Steven Spielberg

Steven Spielberg


Life Story

One of the most influential personalities in the history of cinema, Steven Spielberg is Hollywood's best known director and one of the wealthiest filmmakers in the world. He has an extraordinary number of commercially successful and critically acclaimed credits to his name, either as a director, producer or writer since launching the summer blockbuster with Jaws (1975), and he has done more to define popular film-making since the mid-1970s than anyone else.


Spouse (2)
Kate Capshaw
Amy Irving


He is a member of Theta Chi Fraternity (Zeta Epsilon Chapter, Long Beach State University). One of his fraternity brothers was Roger Ernest.

Personal Quotes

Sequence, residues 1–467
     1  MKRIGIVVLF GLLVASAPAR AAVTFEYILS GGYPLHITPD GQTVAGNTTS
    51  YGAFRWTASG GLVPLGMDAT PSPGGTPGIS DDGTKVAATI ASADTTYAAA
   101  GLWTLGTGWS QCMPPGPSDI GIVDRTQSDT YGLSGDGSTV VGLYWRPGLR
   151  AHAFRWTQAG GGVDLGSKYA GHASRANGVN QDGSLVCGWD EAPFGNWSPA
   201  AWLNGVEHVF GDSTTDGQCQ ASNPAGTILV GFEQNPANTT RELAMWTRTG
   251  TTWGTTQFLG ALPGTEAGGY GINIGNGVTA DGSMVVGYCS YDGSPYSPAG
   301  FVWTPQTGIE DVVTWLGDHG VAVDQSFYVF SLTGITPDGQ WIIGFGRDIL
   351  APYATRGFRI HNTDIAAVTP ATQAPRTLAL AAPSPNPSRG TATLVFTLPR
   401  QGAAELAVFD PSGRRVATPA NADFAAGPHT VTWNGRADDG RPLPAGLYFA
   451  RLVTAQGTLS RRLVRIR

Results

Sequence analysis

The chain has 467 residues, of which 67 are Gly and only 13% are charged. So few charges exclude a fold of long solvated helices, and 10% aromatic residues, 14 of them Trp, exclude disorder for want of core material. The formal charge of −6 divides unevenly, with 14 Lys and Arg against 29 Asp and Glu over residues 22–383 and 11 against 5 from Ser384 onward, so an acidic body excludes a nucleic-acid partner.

[on 1941 (1979)] I really didn't know what I was doing on this movie. I think one of the reasons it came out so chaotic is I really didn't have a vision for 1941. If Bob Zemeckis was the director, I'm convinced he would have done a much better job because that was really the kind of film the author should have stepped forward and directed. I think what killed the comedy was the amount of destruction, and the sheer noise level. I often describe 1941 as having your head stuck in a pinball machine while somebody is hitting tilt over and over again. Before 1941 I had experienced three great previews on The Sugarland Express (1974), Jaws (1975) and Close Encounters of the Third Kind (1977). So I found this theatre in Texas called the Medallion that was my good luck theatre, so naturally I wanted to do the 1941 preview there. But that preview was not like the first three previews. I actually looked over the entire audience midway through the film and at least 20 per cent of the audience had their hands over their ears. I knew we were in big trouble at that point. At the end of the preview, Sid Sheinberg came over to me and said, "There is a movie somewhere in this mess. We should go off and find it." The rest of the executives didn't even want to talk to me. It was a very unhappy experience. We would have been better off with $10 million less, because we went from one plot to seven sub-plots. But, at the time, I wanted it - the bigness, the power, hundreds of people at my beck and call, millions of dollars at my disposal, and everybody saying "Yes...yes...yes!" 1941 was my "Little General" Period. I don't dislike the movie at all. I'm not embarrassed by it - I just think that it wasn't funny enough.




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